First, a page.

Another thing I picked up was that when allocating space for LUN's be sure to allocate twice the space you need to allow for Snapshots. This space requirement supercedes the default 20% allocated at the Volume level. For LUN based Snapshots the agent software on the host itself (eg SnapDrive for Windows or SnapDrive for Exchange) manages the Snapshot - it interacts with the SAN to ensure this happens properly but the SAN itself has no knowledge of whats inside the LUN.

What this means is that if every block in the LUN changes you need at least as much space again for the Snapshot or you'll get a disk-space error. Its unlikely this would occur - a situation in which it might would be a drive defragment which touched every block.

[/tech/storage] | [permalink] | [2007.05.26-00:17.00]

May 17, 2007

'Toaster' Mailing List

If you're considering getting a SAN or already have one you should check out the Toasters mailing list. I've searched the interweb for equivalent lists for HDS and EMC but haven't found any equivalent (that isn't actually hosted by the vender itself).

Its completely independent of NetApp but is an excellent place to ask questions or search for answers in the list archives.

A good overview of the list is here.

[/tech/storage] | [permalink] | [2007.05.17-06:12.00]

South Park & Libertarians + More

One of the oddest mashups - The Invisible Gnomes and the Invisible Hand: South Park and Libertarian Philosophy.

Interesting tips - Why, oh WHY, do those #?@! nutheads use vi ?

Amusing - Science vs Norse Mythology.

Might be something useful here - Open Source Projects: 15 To Watch. Lots of multi-media tools + wireless/video-card management among other things. Nothing overly compelling though.

Scientific American - 15 Answers to Creationist Nonsense.

If you're a 2000AD fan then check out Dave Bishops auction of his own collection including Prog 1.

Looks useful - Incra ruler. Wonder if they have a metric version . . .

Amusing - Judge a Book by its Cover. Nascar themed romance novels ?

[/links] | [permalink] | [2007.05.17-06:05.00]

May 16, 2007

Solaris + iSCSI + NetApp

When you get down to the nitty gritty of configuring an iSCSI connection theres not actually a nice guide to getting this done. Sure there are plenty of docs and white-papers on the topic but many of them are either to detailed or not detailed enough (NetApp, Sun and Microsoft are all guilty of making something which should be simple more difficult than it needs to be).

From a Solaris perspective there are a couple of really good guides that fill in the blanks between the Solaris & NetApp documentation:

* OpenSolaris and iSCSI: NetApp Makes it Easy

* iSCSI Examples

[/tech/storage] | [permalink] | [2007.05.16-23:22.00]

NetApp Backup Idea

A cunning way to do your SAN backups:

Schedule a job to mount your LUN's to the backup server and backup a SnapShot to tape from there. Requires a bit of scripting and tweaking but it should provide much more flexibility than trying to backup each server individually.

That way you can avoid being reamed by backup software vendors on a per host basis. You may still opt to do an NTBackup to file for servers and applications but the databases will reside on the SAN and get backed up to tape.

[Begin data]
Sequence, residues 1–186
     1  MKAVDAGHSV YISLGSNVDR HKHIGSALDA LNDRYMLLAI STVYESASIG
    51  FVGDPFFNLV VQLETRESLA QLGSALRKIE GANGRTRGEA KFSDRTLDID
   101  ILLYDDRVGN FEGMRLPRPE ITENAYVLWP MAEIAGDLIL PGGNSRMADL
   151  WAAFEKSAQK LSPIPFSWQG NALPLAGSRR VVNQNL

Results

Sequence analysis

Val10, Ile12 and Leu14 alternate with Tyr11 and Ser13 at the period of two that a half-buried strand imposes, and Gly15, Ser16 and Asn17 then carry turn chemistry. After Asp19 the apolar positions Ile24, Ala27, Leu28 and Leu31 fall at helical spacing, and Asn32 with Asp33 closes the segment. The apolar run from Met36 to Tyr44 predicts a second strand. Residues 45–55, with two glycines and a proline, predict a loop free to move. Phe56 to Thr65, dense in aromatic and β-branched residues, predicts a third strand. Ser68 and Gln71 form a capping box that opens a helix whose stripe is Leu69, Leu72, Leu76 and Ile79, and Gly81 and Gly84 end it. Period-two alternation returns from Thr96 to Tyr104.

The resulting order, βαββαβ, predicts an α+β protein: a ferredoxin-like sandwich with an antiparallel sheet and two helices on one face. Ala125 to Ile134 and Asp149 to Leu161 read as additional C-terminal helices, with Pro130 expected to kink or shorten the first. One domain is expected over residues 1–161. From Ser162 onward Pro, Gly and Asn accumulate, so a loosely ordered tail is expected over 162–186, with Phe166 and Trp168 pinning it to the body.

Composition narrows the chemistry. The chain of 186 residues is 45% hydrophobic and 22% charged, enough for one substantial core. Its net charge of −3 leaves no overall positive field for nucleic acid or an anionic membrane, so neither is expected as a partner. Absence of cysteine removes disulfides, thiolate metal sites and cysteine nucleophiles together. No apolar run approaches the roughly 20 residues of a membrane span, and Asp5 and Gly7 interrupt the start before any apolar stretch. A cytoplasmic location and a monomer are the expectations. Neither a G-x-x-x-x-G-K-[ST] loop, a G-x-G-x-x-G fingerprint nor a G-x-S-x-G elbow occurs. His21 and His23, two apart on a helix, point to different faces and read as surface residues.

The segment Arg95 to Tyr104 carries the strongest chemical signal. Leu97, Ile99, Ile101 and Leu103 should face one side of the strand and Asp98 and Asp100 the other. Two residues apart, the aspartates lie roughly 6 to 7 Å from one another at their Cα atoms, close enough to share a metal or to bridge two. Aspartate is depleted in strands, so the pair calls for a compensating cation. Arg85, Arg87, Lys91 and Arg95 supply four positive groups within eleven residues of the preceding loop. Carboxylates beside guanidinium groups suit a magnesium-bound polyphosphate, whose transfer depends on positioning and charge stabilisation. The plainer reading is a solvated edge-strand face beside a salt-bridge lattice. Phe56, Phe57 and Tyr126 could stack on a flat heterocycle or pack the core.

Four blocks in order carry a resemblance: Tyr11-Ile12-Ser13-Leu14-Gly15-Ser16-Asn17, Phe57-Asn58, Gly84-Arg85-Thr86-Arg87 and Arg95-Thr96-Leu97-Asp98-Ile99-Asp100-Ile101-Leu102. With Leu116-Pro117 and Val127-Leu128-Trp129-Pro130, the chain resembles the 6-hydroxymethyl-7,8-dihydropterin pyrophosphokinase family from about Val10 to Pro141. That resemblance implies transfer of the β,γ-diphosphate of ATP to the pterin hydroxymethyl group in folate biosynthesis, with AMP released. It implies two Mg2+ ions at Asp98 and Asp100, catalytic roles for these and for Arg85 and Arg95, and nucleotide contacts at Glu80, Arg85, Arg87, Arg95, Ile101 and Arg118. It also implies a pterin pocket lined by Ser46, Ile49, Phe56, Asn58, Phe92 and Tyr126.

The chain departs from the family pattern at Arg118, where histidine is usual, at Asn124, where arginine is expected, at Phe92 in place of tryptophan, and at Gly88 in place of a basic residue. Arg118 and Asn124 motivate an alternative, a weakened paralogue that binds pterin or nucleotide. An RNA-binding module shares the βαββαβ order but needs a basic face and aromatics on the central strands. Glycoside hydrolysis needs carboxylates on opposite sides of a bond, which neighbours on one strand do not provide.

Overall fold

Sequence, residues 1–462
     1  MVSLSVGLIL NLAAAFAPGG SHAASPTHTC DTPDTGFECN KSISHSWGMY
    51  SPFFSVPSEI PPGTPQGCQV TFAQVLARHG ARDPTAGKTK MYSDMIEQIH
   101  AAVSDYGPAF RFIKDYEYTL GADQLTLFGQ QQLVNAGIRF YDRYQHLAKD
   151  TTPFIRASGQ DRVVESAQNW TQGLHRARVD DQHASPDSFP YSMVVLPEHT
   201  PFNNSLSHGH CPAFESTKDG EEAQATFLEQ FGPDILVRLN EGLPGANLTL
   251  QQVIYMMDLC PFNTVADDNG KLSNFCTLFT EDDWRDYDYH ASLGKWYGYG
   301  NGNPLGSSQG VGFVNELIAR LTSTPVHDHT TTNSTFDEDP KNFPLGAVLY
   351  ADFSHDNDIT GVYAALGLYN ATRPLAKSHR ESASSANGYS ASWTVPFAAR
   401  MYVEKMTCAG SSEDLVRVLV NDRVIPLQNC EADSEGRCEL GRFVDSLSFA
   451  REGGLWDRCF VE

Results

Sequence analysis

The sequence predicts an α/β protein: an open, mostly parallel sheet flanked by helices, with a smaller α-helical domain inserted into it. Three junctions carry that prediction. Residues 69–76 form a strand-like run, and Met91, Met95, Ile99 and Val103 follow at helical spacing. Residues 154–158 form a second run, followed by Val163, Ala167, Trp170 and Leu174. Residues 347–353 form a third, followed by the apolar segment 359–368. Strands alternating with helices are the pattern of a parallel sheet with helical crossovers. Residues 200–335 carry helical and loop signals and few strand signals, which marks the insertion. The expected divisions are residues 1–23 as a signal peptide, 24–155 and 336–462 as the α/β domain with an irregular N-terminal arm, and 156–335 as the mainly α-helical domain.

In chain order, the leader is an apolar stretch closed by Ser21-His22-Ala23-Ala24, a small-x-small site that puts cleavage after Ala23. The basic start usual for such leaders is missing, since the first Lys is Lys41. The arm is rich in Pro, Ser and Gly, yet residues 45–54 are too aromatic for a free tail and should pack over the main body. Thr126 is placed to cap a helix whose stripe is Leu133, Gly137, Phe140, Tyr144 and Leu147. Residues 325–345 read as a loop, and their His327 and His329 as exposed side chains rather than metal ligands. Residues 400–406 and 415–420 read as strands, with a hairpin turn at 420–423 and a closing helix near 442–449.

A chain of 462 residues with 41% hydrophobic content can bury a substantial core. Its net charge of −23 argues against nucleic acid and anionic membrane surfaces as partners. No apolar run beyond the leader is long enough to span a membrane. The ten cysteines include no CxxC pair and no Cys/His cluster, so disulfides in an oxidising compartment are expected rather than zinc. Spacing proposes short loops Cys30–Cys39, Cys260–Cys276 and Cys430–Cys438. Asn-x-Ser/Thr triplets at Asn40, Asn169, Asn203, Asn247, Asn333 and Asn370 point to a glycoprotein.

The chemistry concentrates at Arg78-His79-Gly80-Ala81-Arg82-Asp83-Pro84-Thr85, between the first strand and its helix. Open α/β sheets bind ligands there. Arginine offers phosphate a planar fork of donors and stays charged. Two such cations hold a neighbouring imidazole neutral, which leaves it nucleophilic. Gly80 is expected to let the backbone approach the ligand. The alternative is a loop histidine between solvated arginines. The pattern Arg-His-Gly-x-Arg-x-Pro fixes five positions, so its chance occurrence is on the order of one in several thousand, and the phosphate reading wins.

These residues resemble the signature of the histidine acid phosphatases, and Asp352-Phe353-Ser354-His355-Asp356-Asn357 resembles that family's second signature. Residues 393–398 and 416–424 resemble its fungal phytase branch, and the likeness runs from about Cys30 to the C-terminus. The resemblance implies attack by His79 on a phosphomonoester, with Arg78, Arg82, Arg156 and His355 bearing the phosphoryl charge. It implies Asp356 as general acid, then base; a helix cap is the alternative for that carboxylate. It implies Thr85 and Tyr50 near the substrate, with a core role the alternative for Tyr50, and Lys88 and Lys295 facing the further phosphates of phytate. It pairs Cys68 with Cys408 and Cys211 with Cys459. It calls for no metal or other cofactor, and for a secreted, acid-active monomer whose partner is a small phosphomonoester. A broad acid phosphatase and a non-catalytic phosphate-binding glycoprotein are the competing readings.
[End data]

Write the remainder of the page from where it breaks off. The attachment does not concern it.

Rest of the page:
[/tech/storage] | [permalink] | [2007.05.16-22:32.00]

Aggregates, Volumes and LUN's

I'm not a storage person so it took me awhile to get my head around the terminology. I suspect Sysadmins who host databases get harassed regularly by their DBA's about this stuff on a regular basis and as a result are much more intimately acquainted with this stuff than I am. One feature that helps the Sysadmin stay out of DBA initiated RAID-config-hell is that DataOnTap (the NetApp OS) only supports RAID 4 or RAID DP (similar to RAID 6) - note that the 'D' in DP is for 'Diagonal' not 'Dual'.

In NetApp land -

An Aggregate is a collection of disks - this is fairly straightforward. One thing to remember is that for every aggregate you lose a disk to parity data - fine if you have multiple shelves of disks or groups of disks of different capacity (eg you might aggregate 7 15k 72Gb disks and another aggregate of 7 10k 300Gb disks) but not really needed if you have only a single shelf with all disks the same. I guess there are plenty of reasons you might want different aggregates on a single shelf but if you're not doing anything fancy you may as well stick with one). Its easy enough to expand an aggregate by adding disks but its not easy to downsize an aggregate.

A Volume is a chunk of space within an aggregate - note that by default the DataOnTap OS is in vol0 within aggr0. Don't mess with vol0! If you're doing CIF's or NFS sharing (eg NAS type functionality) then you'd dish up your shares at a volume level. Volumes come in two type - the old style TradVolume and the newer FlexVolume - unless you have a special requirement you're better off with a FlexVolume which lets you resize it on the fly.

A LUN is a SCSI term (Logical Unit Number) to reference an individual disk. From an NetApp iSCSI point of view (probably Fibre-Channel too) a LUN is a big file that exists in a Volume. From a server perspective the LUN is visible as a raw disk device to make merry with. A LUN can be easily resized (up or down) but be aware that the NetApp has no inherent knowledge of whats inside a LUN - this has implications for SnapShots - if you need to Snap a LUN's contents you'll want to get SnapDrive and/or SnapManager (depending on the app using the LUN) which acts as an agent on the server (which does understand the LUN's contents) to initiate a Snap within the LUN from the NetApp.